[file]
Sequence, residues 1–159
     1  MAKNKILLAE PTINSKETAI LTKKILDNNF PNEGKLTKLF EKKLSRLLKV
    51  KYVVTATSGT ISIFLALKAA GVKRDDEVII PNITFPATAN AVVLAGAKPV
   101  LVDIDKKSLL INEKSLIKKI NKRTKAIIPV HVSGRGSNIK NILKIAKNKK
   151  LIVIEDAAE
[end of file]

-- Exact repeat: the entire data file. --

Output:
Sequence, residues 1–159
     1  MAKNKILLAE PTINSKETAI LTKKILDNNF PNEGKLTKLF EKKLSRLLKV
    51  KYVVTATSGT ISIFLALKAA GVKRDDEVII PNITFPATAN AVVLAGAKPV
   101  LVDIDKKSLL INEKSLIKKI NKRTKAIIPV HVSGRGSNIK NILKIAKNKK
   151  LIVIEDAAE